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How Manchester City Are Winning The Youth Game

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Last night in Manchester, two familiar faces of the city, Manchester United and Manchester City, played out their respective League Cup last 16 ties. It wasn’t a win-win situation for the city though, as Manchester United slumped to a penalty shootout defeat to Middlesbrough at Old Trafford.


Meanwhile, five miles down the road from Old Trafford, Manchester City eased into the quarter-finals in a game that had an ending symbolic of the prevalent connotations. Two of City’s prospects, Kelechi Iheanacho, 19, and Manu Garcia, 17, combined to score the fifth goal in a sweeping counter attack.

While both players cannot actually be said to have been cut from the Sky Blue fabric, their success on the pitch last night — Iheanacho scored one and assisted two — could be the standard to which Manchester City’s long-term ambitions measure themselves.

In the other half of Manchester, Manchester United academy products James Wilson and Jesse Lingard were fairly anonymous; Wilson survived only one half of football whereas Lingard stayed on for 120 minutes as he was sucked dry by the baggage of responsibility befalling him. As was the case with Andreas Pereira.

In a way, the contrasting fortunes of the two Manchester clubs last night was representative of the current state of affairs. And the League Cup — which is apparently used by the elite clubs to hand playing time to youngsters and non-regulars — is a good barometer to assess how Manchester City are seemingly ahead of their rivals in the youth game.

On the opening day of the 2015/16 Premier League season, a statistical time count of the number of consecutive games of each of the 20 clubs with a youth product in their match day squads made for an interesting read. Manchester City had the number zero (0) against them, whereas Manchester United were the leaders, with 3744 consecutive games.


Whether that statistic is a true reflection of where the two clubs are headed to in the medium to long term is hard to quantify, but as of now, Manchester City are visibly ahead of United. While United might throw around their under-21s title from last season as proof of their sense of direction regarding building from the bottom, it is City who are running the rule in truth.

According to information taken from the Guardian, in the month of September alone, City dominated United across the different age groups, with the saving grace for the Red Devils being a solitary draw amid a succession of losses, which included a 9–0 defeat for the under-14s. City’s under-13s and under-10s are the current national champions.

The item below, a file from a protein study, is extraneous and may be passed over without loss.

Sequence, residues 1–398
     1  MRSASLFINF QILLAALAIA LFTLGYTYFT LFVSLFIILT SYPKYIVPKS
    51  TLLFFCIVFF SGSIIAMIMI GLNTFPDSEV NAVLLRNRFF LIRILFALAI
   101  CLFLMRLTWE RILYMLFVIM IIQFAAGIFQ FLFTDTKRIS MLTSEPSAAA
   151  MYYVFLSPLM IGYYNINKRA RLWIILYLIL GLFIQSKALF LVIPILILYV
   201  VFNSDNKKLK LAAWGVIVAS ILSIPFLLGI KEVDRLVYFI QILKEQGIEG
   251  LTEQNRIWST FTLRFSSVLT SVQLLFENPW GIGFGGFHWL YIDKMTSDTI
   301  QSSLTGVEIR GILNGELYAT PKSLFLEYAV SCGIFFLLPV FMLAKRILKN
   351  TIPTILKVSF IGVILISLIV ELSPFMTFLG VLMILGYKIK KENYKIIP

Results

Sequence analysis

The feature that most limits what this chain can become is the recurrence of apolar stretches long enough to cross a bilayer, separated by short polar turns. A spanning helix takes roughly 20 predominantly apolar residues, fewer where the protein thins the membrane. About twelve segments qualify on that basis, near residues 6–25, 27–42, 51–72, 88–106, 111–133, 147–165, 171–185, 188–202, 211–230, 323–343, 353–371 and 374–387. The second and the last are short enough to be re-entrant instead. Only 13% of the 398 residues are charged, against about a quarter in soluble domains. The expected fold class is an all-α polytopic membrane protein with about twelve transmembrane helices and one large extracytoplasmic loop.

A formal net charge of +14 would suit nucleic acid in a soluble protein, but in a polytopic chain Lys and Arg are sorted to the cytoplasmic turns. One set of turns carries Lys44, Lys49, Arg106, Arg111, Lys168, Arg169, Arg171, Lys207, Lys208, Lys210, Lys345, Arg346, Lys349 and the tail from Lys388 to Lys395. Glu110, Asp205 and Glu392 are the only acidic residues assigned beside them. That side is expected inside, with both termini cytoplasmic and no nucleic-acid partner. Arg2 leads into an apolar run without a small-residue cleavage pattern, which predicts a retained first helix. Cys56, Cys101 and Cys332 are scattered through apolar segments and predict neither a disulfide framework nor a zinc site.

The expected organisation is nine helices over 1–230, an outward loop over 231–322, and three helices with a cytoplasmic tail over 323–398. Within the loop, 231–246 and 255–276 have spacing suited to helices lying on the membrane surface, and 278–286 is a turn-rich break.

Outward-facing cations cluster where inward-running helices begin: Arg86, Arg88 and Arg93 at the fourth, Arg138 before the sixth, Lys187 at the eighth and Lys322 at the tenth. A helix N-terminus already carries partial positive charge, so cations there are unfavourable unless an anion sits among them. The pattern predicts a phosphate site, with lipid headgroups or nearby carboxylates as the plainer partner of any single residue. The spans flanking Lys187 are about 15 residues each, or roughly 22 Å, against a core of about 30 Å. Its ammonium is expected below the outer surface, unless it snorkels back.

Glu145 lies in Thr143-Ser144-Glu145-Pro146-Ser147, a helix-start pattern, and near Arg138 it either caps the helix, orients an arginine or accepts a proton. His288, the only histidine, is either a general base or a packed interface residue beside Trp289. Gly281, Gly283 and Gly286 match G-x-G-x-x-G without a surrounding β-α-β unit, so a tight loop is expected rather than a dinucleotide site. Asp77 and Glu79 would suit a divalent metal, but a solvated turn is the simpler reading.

Their under-15s and under-16s are thriving, and as of now, the club have no less than 26 youth internationals in their books aged between 16 and 19, starlets who will be grabbing headlines in a few years. Or in the cases of Iheanacho and Garcia, in the present day.

Another damning indictment of Manchester United’s supposed current malaise down the tree is the fact 66 percent of players in City’s academy are local boys. What was understood to be United’s entitlement long before the Class of 92 became a cult now sees City making all the right moves and winning the battles that would, one day, see them well-equipped for the war.

Manchester City’s academy

That the likes of ex-United stars like Robin van Persie, Darren Fletcher, Phil Neville and Andy Cole have sent their sons to City’s academy tells things about the broader picture in Manchester. The investment is at City, both of quantity and quality, which has quietly but quickly seen the blue half of Manchester stealing a march on their rivals.

Micah Richards, now at Aston Villa, was the last genuine first team regular to emerge from City’s almost non-existent academy a decade ago. That was a time when City were off the global footballing map, and United were the superpowers. Fast forward ten years, and things look surprisingly worse for United than City.

Iheanacho and Garcia are just the start and a show of how good City have done things in recent years regarding youth, whereas Wilson almost moving out of the club in the summer and Lingard’s recent emergence following Memphis Depay’s uncomfortable adaptations to life in England shows the difference in directions at the two clubs.

There are almost unbearable demands at both clubs, but City look to have found a better solution than United for the longer term problems. There are plenty risks involved with the progression of young talents into the fiercely competitive atmosphere both City and United operate in, and if last night’s contrasting results were a pointer, then in the short term, it’s City who seem to be doing all the right things.

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